Abstract

The paper focuses on a range of Mahy’s young adult writing including her “triptych”: The Haunting (1982), The Changeover (1985), The Tricksters (1986), and her recent epic fantasy, The Magician of Hoad (2009) (published in the UK as Heriot [2009]). The theoretical framework uses aspects of geocriticism and spatiality to support the paper’s analytical focus on Mahy’s distinctive generic contribution to New Zealand young adult literature. In particular it explores Mahy’s use of “real-and-imagined” landscapes brought together here in Soja’s idea of “Thirdspace,” and Upstone’s “Post-space,” and argues that Mahy’s fictional spaces are deterritorialized in order to reteterritorialize and revision new forms of “reality.”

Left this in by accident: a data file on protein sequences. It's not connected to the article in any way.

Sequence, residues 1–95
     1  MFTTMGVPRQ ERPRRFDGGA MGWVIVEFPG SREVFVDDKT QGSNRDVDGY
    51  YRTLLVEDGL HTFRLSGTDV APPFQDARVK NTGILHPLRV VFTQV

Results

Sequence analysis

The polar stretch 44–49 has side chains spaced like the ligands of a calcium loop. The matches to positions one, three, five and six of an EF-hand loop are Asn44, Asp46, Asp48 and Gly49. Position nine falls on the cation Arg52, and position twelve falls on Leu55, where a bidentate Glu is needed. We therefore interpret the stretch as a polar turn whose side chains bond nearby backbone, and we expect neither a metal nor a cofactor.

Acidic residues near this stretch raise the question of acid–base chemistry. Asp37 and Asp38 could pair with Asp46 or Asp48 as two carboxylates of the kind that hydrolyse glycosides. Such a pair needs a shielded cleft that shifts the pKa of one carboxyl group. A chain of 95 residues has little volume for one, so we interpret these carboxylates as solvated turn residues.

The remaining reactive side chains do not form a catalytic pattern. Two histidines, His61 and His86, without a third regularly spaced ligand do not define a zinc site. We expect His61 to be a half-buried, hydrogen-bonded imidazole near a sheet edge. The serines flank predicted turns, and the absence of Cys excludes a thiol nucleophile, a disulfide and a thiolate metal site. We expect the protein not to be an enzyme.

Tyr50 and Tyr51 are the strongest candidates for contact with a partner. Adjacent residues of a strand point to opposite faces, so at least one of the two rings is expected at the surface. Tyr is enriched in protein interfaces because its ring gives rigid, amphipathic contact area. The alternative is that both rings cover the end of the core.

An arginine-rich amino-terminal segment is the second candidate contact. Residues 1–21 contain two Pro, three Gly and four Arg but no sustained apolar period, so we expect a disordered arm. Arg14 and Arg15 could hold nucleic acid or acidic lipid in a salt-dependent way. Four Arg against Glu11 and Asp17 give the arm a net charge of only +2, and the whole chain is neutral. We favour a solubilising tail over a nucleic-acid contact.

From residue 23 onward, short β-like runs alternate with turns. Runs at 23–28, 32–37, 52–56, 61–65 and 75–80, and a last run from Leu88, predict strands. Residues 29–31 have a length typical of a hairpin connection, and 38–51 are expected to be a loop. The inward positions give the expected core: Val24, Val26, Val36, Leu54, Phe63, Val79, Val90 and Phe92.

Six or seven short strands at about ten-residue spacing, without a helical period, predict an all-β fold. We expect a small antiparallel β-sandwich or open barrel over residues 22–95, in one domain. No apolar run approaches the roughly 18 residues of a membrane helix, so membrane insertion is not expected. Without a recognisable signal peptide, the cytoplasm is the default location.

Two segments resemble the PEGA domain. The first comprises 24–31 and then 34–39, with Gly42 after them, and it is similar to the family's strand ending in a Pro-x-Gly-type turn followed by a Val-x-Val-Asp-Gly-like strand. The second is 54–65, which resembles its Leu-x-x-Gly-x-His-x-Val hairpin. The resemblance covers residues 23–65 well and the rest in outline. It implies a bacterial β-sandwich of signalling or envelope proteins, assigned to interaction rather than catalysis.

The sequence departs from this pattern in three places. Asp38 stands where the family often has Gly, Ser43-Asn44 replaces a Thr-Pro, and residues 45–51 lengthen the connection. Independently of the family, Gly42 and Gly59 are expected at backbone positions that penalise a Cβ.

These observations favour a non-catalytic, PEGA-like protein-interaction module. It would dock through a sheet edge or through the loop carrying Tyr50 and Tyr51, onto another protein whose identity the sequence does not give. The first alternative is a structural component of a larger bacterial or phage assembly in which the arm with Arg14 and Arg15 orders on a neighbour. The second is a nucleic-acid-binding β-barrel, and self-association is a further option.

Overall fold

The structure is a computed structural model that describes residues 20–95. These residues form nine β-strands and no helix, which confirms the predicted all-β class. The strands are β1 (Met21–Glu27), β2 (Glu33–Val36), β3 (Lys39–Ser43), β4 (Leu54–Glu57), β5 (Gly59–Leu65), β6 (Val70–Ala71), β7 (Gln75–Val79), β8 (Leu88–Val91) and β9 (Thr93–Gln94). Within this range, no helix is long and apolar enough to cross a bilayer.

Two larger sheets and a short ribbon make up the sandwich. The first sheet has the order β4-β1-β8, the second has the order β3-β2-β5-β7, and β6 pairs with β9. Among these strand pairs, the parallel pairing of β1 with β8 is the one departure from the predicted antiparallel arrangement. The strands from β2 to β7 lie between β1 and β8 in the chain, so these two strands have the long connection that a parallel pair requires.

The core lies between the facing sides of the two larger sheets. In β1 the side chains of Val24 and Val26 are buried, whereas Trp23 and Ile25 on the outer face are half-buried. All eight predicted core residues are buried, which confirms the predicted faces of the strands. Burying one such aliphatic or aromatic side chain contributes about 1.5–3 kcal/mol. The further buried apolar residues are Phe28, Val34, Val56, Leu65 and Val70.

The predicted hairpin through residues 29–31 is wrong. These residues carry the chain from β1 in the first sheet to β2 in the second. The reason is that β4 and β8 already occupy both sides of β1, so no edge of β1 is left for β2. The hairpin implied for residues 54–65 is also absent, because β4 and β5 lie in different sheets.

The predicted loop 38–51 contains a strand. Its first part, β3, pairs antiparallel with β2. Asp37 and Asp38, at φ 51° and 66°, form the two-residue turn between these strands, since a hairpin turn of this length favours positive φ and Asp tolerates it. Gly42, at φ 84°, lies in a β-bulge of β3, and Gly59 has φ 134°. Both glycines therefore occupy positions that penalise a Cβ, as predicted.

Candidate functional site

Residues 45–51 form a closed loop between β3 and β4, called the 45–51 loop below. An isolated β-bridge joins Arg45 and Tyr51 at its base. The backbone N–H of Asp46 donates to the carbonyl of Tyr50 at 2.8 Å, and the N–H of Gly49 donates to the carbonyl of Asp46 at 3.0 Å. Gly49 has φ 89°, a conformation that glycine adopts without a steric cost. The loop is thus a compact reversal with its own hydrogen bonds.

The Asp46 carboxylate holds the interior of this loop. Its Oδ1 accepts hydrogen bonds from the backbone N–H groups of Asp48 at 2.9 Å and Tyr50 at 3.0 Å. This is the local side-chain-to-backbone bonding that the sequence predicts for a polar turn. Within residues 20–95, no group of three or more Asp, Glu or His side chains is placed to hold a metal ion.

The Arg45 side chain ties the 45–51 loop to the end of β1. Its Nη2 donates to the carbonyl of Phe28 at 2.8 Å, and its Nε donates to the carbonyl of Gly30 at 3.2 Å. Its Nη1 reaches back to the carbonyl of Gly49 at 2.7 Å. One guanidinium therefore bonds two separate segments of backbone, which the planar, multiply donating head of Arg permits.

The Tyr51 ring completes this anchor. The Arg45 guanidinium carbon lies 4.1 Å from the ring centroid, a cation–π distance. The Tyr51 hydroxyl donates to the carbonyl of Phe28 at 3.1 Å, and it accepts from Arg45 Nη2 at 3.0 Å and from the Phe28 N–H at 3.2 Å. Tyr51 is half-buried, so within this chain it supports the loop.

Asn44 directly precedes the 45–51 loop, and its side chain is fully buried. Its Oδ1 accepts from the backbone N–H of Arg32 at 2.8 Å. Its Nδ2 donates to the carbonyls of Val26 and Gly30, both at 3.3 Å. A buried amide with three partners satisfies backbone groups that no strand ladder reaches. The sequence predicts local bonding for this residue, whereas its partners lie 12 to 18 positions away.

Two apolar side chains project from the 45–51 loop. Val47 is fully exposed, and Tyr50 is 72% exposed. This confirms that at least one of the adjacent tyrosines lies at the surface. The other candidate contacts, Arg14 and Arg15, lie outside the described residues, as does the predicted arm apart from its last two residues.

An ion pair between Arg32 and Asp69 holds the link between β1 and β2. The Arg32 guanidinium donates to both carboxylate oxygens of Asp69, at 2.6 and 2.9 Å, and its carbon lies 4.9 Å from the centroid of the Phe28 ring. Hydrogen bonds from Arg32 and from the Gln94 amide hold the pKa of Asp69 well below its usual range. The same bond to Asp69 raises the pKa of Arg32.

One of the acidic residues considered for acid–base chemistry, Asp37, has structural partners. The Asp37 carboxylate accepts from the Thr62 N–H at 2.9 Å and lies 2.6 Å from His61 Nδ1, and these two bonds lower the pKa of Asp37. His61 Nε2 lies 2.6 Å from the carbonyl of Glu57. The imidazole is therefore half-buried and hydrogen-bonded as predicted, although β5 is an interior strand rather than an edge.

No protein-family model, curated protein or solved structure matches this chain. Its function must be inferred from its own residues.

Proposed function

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Additional Information

ISSN
1553-1201
Print ISSN
0885-0429
Pages
pp. 121-129
Launched on MUSE
2014-03-06
Open Access
No
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